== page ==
The Ethical Paradox Put to Play by Guerilla Tacticians

Kluwer Arbitration Blog
November 4, 2018

Please refer to this post as: , ‘The Ethical Paradox Put to Play by Guerilla Tacticians’, Kluwer Arbitration Blog, November 4 2018,

Some rules, although made to protect the integrity of an arbitration procedure, open up opportunities for bad faith actors to utilize “legislative” shortcomings. Too often these actors engage in guerilla tactics. Soft law has developed to remedy these grievances. For example, the IBA Guidelines on Conflicts of Interest in International Arbitration (IBA Guidelines) seek to remedy situations where a relationship potentially can lead to bad faith conduct in the course of the arbitration procedure, e.g. where a third-party funder has a pre-existing relationship with an arbitrator. This post will demonstrate how new, untested rules risk paving the way for another set of unethical behaviors. This post’s central thesis is that the IBA Guidelines have used analogies (or legal fictions) to rein in third-party funders in circumstances where an alleged bias and independence can occur in their relationship with an arbitrator. This is good, but can also have unintended consequences—I highlight only one. However, guerilla tacticians will stand ready to further exploit any regulatory opening.

Regulating conduct is hard and often invites unintended and unwelcome consequences. The world of modern international arbitration is relatively transparent, rules-based, and judicialized. With this move towards a judicialized arbitration system comes advocates for further ethical standards, including but not limited to, “disclosure requirements.” While building an institution that can sustain criticism and foster legitimacy, best practices must be drawn from other sectors. The contemporary uncertainty—and unfortunate craving for detailed rules—can leave the door half-open to a great regulatory fallacy—i.e. that reactive, detailed ethical rules solve issues. Without delving too far into speculations, I want to highlight the paradoxical nature of regulating ethics by rules, rather than custom, practice, and markets. Reactive regulation often solves backwards, but the unknown can never be anticipated in detail. [fn] For a good discussion of “governance techniques” in the financial sector, see Julia Black, Paradoxes and Failures: New Governance Techniques and the Financial Crisis.[/fn] We ought to operate with caution before developing too detailed soft laws or we might be caught unprepared when rogue actors prove very capable and creative in using detailed rules to their advantage.

One example on regulating reactively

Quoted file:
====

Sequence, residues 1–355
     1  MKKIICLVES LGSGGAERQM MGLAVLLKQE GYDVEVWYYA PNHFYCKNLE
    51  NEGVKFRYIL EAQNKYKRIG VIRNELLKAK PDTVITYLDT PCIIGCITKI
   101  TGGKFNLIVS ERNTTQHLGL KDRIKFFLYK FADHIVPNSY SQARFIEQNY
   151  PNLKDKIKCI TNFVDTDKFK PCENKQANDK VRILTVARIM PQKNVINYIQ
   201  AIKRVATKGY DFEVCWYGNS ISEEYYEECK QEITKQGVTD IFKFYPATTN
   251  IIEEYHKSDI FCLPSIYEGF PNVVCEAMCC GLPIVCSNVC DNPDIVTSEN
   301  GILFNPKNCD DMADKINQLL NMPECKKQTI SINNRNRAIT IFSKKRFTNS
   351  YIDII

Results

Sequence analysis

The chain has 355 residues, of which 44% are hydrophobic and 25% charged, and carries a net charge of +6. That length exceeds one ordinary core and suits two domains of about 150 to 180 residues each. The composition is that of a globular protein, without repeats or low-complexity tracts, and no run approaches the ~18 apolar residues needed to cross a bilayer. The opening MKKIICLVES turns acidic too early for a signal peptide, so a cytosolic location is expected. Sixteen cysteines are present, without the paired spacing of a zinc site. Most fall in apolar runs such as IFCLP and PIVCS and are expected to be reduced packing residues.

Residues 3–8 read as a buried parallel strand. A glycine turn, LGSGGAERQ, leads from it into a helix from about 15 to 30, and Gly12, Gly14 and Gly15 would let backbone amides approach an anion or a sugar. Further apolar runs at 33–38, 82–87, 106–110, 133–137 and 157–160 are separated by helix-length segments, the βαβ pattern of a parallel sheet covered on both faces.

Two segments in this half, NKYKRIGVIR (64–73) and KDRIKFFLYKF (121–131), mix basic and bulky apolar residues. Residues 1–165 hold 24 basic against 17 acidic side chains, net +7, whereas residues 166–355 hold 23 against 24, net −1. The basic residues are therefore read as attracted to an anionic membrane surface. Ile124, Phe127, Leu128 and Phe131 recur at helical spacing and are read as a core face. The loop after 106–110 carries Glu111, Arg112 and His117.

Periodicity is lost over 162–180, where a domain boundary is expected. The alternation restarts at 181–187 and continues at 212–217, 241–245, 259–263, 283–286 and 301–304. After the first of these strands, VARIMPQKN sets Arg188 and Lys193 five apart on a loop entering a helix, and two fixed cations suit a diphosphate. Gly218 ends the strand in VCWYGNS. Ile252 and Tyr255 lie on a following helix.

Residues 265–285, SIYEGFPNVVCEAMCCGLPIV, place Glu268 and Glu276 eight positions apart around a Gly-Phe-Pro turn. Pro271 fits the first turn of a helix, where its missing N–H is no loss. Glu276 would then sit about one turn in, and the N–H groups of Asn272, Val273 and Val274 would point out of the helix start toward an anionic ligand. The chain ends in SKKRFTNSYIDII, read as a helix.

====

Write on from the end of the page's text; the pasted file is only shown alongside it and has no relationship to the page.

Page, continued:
The IBA Guidelines treat third-party funders as a party in order to decide whether a conflict of interest exists.[fn] IBA Guidelines on Conflicts of Interest General Standards 6(b).[/fn] I will outline how this, albeit well-intended, legal fiction can create unfortunate opportunities for unethical parties to use the rules to disqualify an arbitrator. Arbitrators have a duty to be and remain unbiased throughout the proceeding. An arbitrator can be determined to be unbiased at any point.

Existing rules on independence often concern relations between arbitrators and parties to the underlying agreement, and these parties are known and can be identified when an agreement is entered into. Arbitrator bias that stems from these known relations is almost always existent since before the appointment of the arbitrator. The parties and the arbitrator can anticipate these and choose an arbitrator accordingly. Third-party funders, on the other hand, are not parties to the underlying agreement and therefore they cannot be identified when the agreement is entered into because they are not involved with the parties until after a dispute has occurred.

Having rules where a third-party funder bears the identity of a party creates a situation where a party could bring in a funder at any point to create an appearance of bias. This could be used as a guerilla tactic. With the freedom to bring in a third-party funder at any stage of an arbitration, a party has the power to create an appearance of bias at any time and potentially disqualify an arbitrator. Traditional parties cannot be brought in to create a conflict and even if they would, a tribunal can use its discretion to minimize their influence.

Creating a tool for removing arbitrators was not the desire of IBA. The immutability of an arbitral tribunal is essential to secure the integrity and efficiency of the procedure as well as to protect the independence of the tribunal. This principle could be undermined if a challenge to an arbitrator would successfully lead to a removal of him or her due to one party’s inclusion of a funder. Also, efficiency favors a non-disruption of the arbitration procedure. Furthermore, a challenge to one of the arbitrators in a functioning tribunal can cause delay and expenses.

Guerrilla tactics